From the NY Times:
After four years of planning and delays, the city will start soliciting bids on Monday to begin building what could become the city’s largest development for middle-income residents in 40 years.
The Bloomberg administration, which is heavily subsidizing the project, is asking developers to compete to build 1,000 apartments on a once industrial strip of Queens land known as Hunters Point South, where Newtown Creek enters the East River.
At least 60 percent of the apartments would be reserved for families earning $63,000 to $130,000 a year. Although construction is not scheduled to begin until 2012, the project would mark the first section of a waterfront community of 5,000 apartments with shops, a school and a 10-acre public park.
Plans call for a mix of rental apartments and condominiums, with about 40 percent of the units going for market rates. The buildings would vary in height up to about 30 stories.
The city is making a substantial commitment to the project, having bought the land from the state last year for $100 million.
It has budgeted an additional $175 million for toxic cleanup, the park and a network of roads, sewers and electric lines, although only $60 million would be spent to prepare the first two parcels for construction.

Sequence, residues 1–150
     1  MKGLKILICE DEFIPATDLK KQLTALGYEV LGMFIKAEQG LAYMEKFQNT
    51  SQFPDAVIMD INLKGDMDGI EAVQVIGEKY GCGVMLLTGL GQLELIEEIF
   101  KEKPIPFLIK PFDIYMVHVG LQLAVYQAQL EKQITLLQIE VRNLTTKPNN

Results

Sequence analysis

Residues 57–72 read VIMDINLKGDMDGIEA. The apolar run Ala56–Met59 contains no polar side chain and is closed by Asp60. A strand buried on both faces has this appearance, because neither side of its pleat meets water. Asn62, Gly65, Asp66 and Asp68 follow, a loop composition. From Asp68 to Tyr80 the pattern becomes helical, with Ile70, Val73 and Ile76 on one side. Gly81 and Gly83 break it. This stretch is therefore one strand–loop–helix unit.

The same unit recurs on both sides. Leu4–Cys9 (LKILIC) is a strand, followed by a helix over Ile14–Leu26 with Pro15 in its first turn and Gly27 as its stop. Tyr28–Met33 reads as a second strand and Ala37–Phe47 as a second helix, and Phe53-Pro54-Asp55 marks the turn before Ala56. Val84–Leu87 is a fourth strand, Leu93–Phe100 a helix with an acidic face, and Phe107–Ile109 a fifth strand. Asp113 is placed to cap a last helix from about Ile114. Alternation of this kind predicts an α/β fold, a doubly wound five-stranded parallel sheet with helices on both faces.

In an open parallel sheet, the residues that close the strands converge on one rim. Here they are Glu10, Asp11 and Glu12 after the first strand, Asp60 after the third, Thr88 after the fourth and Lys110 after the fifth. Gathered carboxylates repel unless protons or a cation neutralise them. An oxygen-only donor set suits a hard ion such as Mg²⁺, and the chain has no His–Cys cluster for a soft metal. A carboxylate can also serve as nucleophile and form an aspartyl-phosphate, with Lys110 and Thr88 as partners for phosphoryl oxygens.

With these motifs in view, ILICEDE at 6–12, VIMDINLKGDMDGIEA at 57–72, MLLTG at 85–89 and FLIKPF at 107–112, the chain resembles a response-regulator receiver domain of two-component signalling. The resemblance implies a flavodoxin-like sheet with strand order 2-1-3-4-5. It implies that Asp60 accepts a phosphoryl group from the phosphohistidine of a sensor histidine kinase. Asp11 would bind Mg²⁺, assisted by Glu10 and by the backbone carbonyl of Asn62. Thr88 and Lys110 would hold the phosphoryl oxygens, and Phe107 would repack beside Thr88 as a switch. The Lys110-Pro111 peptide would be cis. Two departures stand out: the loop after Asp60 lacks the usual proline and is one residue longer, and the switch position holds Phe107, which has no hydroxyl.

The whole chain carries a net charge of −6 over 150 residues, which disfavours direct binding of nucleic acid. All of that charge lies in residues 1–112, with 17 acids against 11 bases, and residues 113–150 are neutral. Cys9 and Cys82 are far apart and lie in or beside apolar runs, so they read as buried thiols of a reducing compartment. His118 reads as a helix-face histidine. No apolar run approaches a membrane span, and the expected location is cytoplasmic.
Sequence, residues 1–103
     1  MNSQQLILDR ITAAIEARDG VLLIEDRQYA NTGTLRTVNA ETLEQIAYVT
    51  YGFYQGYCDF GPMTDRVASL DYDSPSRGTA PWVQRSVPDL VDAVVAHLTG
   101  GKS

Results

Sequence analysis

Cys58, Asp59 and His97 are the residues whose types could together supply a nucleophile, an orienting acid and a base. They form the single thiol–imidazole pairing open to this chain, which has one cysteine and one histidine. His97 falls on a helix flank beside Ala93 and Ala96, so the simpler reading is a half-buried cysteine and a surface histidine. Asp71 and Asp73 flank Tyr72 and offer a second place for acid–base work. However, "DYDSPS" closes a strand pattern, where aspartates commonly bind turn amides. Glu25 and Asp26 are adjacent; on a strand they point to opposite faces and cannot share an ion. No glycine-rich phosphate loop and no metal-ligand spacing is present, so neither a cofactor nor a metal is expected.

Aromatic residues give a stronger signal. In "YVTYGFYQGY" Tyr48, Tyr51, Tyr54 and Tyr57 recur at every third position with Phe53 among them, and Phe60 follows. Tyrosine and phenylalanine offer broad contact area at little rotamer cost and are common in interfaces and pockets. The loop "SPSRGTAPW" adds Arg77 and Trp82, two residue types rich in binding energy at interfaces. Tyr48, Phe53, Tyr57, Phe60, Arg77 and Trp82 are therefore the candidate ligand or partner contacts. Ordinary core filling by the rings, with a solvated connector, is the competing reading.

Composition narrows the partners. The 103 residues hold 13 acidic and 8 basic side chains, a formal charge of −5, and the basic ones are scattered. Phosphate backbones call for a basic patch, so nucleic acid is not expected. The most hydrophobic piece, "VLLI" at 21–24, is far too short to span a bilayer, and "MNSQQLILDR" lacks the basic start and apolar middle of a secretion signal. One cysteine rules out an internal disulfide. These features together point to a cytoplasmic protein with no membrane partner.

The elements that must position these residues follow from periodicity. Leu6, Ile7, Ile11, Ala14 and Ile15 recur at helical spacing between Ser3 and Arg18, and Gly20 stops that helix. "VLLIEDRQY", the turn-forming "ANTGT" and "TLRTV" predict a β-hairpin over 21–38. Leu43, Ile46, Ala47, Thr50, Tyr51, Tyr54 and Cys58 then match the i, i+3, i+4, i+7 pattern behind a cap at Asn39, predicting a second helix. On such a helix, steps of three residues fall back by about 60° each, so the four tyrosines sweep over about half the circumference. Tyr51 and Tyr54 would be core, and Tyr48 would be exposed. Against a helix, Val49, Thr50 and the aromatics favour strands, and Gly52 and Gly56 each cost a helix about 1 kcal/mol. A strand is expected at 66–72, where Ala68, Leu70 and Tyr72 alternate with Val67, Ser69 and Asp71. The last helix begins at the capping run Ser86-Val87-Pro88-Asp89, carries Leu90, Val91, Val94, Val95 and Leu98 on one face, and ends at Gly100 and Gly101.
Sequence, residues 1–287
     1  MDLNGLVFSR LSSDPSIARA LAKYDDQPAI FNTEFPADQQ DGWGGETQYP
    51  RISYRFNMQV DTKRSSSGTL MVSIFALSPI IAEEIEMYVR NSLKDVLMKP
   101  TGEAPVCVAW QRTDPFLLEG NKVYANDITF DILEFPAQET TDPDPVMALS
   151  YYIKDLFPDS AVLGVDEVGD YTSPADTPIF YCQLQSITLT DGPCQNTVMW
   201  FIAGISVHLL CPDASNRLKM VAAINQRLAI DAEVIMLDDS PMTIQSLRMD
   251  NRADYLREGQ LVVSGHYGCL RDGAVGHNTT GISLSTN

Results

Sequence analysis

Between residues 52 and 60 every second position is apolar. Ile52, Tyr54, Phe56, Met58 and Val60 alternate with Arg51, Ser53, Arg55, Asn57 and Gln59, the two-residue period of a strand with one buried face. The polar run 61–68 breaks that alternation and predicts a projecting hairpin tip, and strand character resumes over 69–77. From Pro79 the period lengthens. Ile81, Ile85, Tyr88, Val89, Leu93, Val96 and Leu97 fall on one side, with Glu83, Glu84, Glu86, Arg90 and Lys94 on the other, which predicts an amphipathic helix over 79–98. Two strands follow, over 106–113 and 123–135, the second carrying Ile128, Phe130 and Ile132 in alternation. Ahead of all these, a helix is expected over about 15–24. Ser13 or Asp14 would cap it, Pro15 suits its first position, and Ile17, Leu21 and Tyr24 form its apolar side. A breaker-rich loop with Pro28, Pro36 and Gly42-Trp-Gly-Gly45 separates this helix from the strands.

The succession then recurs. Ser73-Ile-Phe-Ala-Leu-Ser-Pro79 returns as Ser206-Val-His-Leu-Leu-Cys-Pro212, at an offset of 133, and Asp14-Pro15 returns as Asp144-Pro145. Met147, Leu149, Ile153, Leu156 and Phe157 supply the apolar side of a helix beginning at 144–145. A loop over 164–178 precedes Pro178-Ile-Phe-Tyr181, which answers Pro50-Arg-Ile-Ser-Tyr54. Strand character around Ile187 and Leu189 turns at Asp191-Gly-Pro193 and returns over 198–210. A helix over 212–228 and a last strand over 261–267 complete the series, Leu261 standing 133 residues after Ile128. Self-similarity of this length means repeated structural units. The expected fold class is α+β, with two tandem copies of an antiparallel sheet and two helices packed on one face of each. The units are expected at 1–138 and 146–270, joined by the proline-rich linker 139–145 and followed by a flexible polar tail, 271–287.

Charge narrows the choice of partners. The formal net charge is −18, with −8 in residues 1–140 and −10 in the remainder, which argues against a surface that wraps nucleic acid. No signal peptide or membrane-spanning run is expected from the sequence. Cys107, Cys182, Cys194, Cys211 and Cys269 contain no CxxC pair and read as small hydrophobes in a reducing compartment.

Rafael E. Cestero, the city’s housing commissioner, said the city expected to provide about $90,000 for each of the first 600 subsidized units.
Neighborhood officials said they were pleased that the project was moving forward, although some housing advocates said the project would not address the needs of many Queens residents.
Adam Friedman, director of the Pratt Center for Community Development, a policy and planning group, said that because the median family income in Queens was $51,290 a year, “half the families in Queens” earn too little to be eligible for the subsidized units.
“We’re arguing that there have to be deeper subsidies so that the community that evolves out of this has economic diversity,” Mr. Friedman said.
Both Ron Moelis, chief executive of L & M Equity, a developer of affordable housing, and Jeffrey E. Levine, chairman of Douglaston Development, said they were interested.
But Mr. Levine said that the job might require the construction unions to agree to concessions to keep costs down.
Good luck with that.